How to Fund Your Online Master’s Degree Without Breaking the Bank

Master's Degree

A graduate degree can significantly improve your career prospects and boost your salary potential. But, a graduate degree is a costly undertaking.

It is common for graduate students to take on disproportionate student debt. But, a master’s degree can still be within reach for many future graduate students with intelligent planning and funding strategies.

Scholarships and Grants

Hardly a day goes by without hearing of soaring student debt or skyrocketing tuition fees. But getting a master’s degree isn’t cheap, especially when you factor in the time and money needed for the work required to graduate.

First, consider applying for scholarships and grants to save as much money as possible. Financial aid that doesn’t need to be repaid is available from universities, professional associations, private foundations, for-profit businesses, and state governments. Scholarship applications can be competitive but are worth the effort because every dollar you don’t have to pay back is one less you have to spend on tuition.

Grants are typically need-based, meaning you must provide information about your family finances and submit a FAFSA form to be eligible. However, there are also merit-based scholarships for students based on their academic or athletic achievement and other characteristics like ancestral background.

To be sure you’re applying for all the grants and scholarships you can, it’s best to start planning in your junior year of college. That gives you enough time to complete a FAFSA form, research schools, and programs, and comply with the application requirements. It will help you get the most bang when financing your online masters degree.

Working While You Study

While a master’s degree is an investment, you can take steps to make it affordable. Many students find that working while studying helps them pay their fees and reduces the money they have to borrow for school.

One way to work while you study is to apply for a fellowship that pays you a living stipend while you complete your master’s degree. Depending on your situation, you can use this money to pay for your tuition, living expenses, or both.

Another way to work while you study is to secure a position as a graduate assistant or teaching assistant at your university. It is typically a paid position that gives you hands-on experience in your field of study while helping you earn income to cover your school costs.

Employers may reimburse master’s degree costs if relevant to the job. To make the most of the benefit your employer provides, it is recommended to contact your manager or HR department to learn about the program’s eligibility criteria. It will give you a better understanding of how you can benefit from this opportunity.

If you have already racked up student debt in your undergraduate studies, be aware that you must repay these loans after graduation from your master’s degree program. However, you can still file the FAFSA as a graduate student to see if you qualify for federal grants, work-study programs, and other assistance.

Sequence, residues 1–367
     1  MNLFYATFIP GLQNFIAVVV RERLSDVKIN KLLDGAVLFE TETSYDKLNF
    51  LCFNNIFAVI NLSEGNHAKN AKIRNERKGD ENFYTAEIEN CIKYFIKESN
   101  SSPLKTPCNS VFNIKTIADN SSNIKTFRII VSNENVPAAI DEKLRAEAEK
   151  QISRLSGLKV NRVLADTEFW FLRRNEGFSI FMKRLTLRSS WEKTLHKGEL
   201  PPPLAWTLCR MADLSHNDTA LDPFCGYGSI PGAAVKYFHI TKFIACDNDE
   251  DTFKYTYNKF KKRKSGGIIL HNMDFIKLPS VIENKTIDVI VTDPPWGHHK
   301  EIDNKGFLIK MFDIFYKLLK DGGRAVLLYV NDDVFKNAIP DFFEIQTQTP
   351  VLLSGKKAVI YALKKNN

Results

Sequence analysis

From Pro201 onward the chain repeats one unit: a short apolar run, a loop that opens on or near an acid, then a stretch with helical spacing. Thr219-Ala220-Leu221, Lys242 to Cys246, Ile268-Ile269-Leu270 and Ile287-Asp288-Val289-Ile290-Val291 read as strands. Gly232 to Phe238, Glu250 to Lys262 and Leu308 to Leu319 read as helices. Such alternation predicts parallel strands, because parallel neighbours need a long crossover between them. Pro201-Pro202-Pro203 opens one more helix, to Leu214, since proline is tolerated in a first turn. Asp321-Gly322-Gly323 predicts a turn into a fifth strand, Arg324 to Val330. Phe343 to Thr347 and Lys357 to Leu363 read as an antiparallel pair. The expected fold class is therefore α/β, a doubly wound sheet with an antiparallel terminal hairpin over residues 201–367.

Federal Work-Study Placements

Many companies offer tuition reimbursement or the option to take classes part-time for free. It’s a good idea to ask your employer if this is an option before enrolling in a graduate program, as it may require several years or a certain level of performance.

Federal work-study placements are available to students who demonstrate financial need through their FAFSA application. This opportunity can provide work experience and monetary relief for college students. The average student working under this program works between 10 and 20 hours per week, and most positions pay at least the current federal minimum wage.

If you can secure a fellowship, you can receive complete tuition remission and a living stipend while pursuing your master’s degree online. It is a great way to avoid taking out significant student loans, but be sure to seek out programs requiring students to focus solely on their studies.

If you’re considering a graduate degree, starting planning while still in college is best. It gives you time to make a solid choice in your field of study, meet admission requirements, and become a competitive applicant. It also helps you pay off your undergraduate student debt, stabilize your finances, and save for graduate school expenses. It can help prevent graduate-level student loan debt from weighing you down for years.

Bank Loans

Taking out student loans to fund your online master’s degree isn’t unpleasant. And with tuition fees rising, even a graduate degree can be unaffordable. That is why thinking ahead and planning for your education costs is essential.

The first step is determining how much it will cost to study for your online master’s program. Includes the program’s cost, the tuition rate, and other hidden expenses such as distance learning fees, proctored examination fees, graduation fees, and more. You must also factor in any wages you may lose while focusing on your studies full-time.

Another critical step is to apply for scholarships, fellowships, and grants. While these are more limited than those offered to undergraduate students, they can still significantly reduce the cost of an online master’s degree. Search for specialized scholarships and grants tailored to specific fields, such as military personnel, veterans, and aspiring teachers.

Finally, pursuing a graduate degree is worth waiting until you have paid off some of your undergraduate student loans and stabilized your finances. It will also allow you to discover whether a master’s is indeed the right career move for you. If it is, then go for it. The payoff will be worth it.


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